Cascade of Refusal—What Does It Mean for the Future of Treatment as Prevention in Sub-Saharan Africa?

Ingrid T. Katz, David R. Bangsberg

Research output: Contribution to journalReview articlepeer-review

15 Scopus citations


Recent recommendations by the World Health Organization support treatment for all people living with HIV (PLWH) globally to be initiated at the point of testing. While there has been marked success in efforts to identify and expand treatment for PLWH throughout sub-Saharan Africa, the goal of universal treatment may prove challenging to achieve. The pre-ART phase of the care cascade from HIV testing to HIV treatment initiation includes several social and structural barriers. One such barrier is antiretroviral therapy (ART) treatment refusal, a phenomenon in which HIV-infected individuals choose not to start treatment upon learning their ART eligibility. Our goal is to provide further understanding of why treatment-eligible adults may choose to present for HIV testing but not initiate ART when indicated. In this article, we will discuss factors driving pre-ART loss and present a framework for understanding the impact of decision-making on early losses in the care cascade, with a focus on ART refusal.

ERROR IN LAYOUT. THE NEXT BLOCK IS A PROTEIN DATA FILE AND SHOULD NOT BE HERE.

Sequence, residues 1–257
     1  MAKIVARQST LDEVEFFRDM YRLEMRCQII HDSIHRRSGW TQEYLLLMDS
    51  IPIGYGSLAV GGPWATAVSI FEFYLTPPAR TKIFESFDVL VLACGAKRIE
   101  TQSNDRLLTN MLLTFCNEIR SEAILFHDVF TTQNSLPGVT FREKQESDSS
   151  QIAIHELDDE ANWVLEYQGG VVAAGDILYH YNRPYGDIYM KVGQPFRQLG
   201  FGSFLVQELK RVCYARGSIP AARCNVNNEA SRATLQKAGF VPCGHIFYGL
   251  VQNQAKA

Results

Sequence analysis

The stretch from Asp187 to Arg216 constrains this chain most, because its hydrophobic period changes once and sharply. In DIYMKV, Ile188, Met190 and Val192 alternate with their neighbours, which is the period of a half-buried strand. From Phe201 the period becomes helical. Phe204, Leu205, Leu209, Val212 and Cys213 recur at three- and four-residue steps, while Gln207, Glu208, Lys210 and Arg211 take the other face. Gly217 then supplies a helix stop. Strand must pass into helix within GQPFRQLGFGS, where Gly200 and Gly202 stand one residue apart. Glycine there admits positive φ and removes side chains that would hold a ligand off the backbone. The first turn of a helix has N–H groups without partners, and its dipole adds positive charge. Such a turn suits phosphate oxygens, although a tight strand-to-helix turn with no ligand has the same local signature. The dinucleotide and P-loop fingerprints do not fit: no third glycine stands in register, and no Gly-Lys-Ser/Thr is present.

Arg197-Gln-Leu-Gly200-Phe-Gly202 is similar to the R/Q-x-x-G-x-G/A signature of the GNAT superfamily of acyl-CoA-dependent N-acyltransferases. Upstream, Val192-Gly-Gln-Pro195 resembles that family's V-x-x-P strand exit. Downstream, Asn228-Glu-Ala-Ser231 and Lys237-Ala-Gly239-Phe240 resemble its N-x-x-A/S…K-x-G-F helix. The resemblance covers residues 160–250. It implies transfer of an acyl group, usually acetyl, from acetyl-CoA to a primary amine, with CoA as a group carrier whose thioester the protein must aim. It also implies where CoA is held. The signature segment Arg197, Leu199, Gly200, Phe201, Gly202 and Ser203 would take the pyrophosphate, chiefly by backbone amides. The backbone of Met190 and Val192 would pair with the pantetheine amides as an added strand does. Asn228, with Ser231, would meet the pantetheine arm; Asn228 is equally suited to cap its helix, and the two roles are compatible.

Original languageEnglish (US)
Pages (from-to)125-130
Number of pages6
JournalCurrent HIV/AIDS Reports
Issue number2
StatePublished - Apr 1 2016


  • ART refusal
  • Antiretroviral medications
  • Global epidemic
  • HIV prevention
  • Point of testing
  • Review
  • Science of prevention
  • Treatment refusal

ASJC Scopus subject areas

  • Virology
  • Infectious Diseases


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